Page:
It’s a rare occasion. I’m blogging while overseas 🙂
I’m currently in Berlin for work. It’s my first time in Europe and it’s been an interesting experience. Well, information that’s on the Internet helped a great deal, because some things I had already read about before I arrived, so it wasn’t such a great surprise.
Like the fact that Berliners like carbonated drinking water as opposed to the usual plain water that we would expect in Malaysia. Normal mineral water would be called “still water”. Funny how they’d want to drink carbonated water. It isn’t even flavoured or anything like that. It just has gas.
While I’m here, I get the feeling like locals are wary of me. They seem to look at me with a certain look of distrust, though I did nothing to earn that and just happened to cross paths with them. Perhaps their experiences with Asians have not been pleasant? Who knows…
Based on my stay here, I’d say that Germans aren’t rude, but they aren’t extremely hospitable either. They’ll help you, or give you something you asked for, but nothing more than that. I guess I regard this as abnormal, because in Asia (at least in Southeast Asia), when people help you, there is a tendency to go the extra mile when it comes to kindness and favours. Of course, there is the other extreme where Malaysians can be not helpful at all and even downright rude. But at least we’re not curt. Which is the kind of feeling I get when I deal with these Berliners.
It’s lovely to see that they’ve preserved old architecture in the city. That’s one thing that we don’t do well in Malaysia. We simply more or less abandon our past, whereas here it is cherished and even though its historical significance may involve harshness or bitter memories, they choose to remember it anyway.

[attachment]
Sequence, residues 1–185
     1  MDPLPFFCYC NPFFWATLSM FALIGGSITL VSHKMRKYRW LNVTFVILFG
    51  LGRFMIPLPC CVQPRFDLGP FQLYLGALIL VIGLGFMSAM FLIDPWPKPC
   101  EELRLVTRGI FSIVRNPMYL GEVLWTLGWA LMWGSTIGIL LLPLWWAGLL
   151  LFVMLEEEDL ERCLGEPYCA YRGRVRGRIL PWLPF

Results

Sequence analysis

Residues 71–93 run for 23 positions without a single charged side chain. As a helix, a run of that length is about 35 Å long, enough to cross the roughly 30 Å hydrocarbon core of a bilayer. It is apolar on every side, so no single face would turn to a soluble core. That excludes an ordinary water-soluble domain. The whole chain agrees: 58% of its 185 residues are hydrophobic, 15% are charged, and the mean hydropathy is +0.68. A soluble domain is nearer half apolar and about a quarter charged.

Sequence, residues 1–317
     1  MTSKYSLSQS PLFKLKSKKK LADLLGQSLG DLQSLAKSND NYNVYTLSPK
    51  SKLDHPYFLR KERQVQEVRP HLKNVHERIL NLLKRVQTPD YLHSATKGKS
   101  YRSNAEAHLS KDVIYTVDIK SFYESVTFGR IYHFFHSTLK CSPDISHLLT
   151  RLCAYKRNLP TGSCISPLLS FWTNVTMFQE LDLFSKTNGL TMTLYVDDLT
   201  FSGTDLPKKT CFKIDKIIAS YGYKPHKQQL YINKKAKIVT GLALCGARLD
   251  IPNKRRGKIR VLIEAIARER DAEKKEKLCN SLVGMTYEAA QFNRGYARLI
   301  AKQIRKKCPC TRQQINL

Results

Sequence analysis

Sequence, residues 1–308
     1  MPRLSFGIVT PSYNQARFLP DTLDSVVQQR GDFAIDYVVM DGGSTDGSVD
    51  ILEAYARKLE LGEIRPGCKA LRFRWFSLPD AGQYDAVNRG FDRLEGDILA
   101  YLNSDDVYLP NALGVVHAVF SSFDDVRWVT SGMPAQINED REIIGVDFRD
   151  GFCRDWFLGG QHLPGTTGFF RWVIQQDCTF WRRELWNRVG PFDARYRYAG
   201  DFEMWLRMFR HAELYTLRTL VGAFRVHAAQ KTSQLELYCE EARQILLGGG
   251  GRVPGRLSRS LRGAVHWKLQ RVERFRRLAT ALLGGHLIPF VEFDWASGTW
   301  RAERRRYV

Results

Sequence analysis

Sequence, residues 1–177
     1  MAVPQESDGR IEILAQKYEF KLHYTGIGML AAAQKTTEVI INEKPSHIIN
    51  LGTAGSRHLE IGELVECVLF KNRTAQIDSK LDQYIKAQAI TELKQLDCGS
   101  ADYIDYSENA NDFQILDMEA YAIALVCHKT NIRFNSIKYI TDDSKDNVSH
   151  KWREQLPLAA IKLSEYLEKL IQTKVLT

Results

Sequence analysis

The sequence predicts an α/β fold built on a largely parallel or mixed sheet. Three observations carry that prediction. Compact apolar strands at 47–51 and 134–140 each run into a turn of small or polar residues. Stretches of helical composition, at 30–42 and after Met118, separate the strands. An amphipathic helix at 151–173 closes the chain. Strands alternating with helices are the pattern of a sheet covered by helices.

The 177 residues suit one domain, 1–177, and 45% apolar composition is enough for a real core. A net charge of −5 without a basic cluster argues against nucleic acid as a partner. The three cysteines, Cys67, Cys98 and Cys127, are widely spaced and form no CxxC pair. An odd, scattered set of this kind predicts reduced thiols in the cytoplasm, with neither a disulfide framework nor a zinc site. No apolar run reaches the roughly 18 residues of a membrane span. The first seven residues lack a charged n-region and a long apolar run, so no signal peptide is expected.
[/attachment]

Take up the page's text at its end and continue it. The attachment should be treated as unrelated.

Graffiti, however, seems to be a problem. It’s practically everywhere, including on… the… Berlin… wall. That was rather disappointing. How could a piece of national heritage be allowed to be ruined in that way? I wonder if any action was taken against the vandals. Or perhaps that’s how the locals feel about the wall? That it’s meant to be dishonoured and disregarded because of the painful past that it stands for. Hmm.
Meanwhile, food-wise, it’s extremely gourmet driven. But that could also be because we were eating at more premium-ish restaurants. Possibly the cafes and other kinds of food outlets may be different. It’s also funny that they don’t serve much of their own local cuisine in their restaurants, and instead, prefer to offer diners Italian and… *gasp* Chinese food.
Well, I didn’t come halfway across the world to eat Chinese dishes, I can assure you. We have plenty of those back home.
Anyway, it’s been not too bad a trip for me here in Germany. It’s amazing to see how a country that has been through so much is like today. I wonder if Malaysia will ever reach a state of maturity as these European countries do. Well, of course, that’s not to say that they’ve gotten everything done right, but it is also not wrong to admit that we Malaysians could learn a thing or two from them.
Have to get down to packing my stuff now. I leave tomorrow. It will be great to get back home. There is truly no place like home.